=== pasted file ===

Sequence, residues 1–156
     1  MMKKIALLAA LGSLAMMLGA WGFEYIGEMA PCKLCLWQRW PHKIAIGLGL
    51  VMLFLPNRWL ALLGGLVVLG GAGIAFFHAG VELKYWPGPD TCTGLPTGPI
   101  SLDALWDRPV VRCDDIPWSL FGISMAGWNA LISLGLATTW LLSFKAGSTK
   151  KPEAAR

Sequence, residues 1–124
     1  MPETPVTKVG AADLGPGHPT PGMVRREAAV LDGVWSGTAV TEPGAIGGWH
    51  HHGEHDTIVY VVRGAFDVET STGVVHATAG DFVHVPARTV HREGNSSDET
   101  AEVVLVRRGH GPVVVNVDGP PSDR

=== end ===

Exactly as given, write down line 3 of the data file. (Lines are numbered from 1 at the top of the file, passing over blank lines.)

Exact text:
    51  VMLFLPNRWL ALLGGLVVLG GAGIAFFHAG VELKYWPGPD TCTGLPTGPI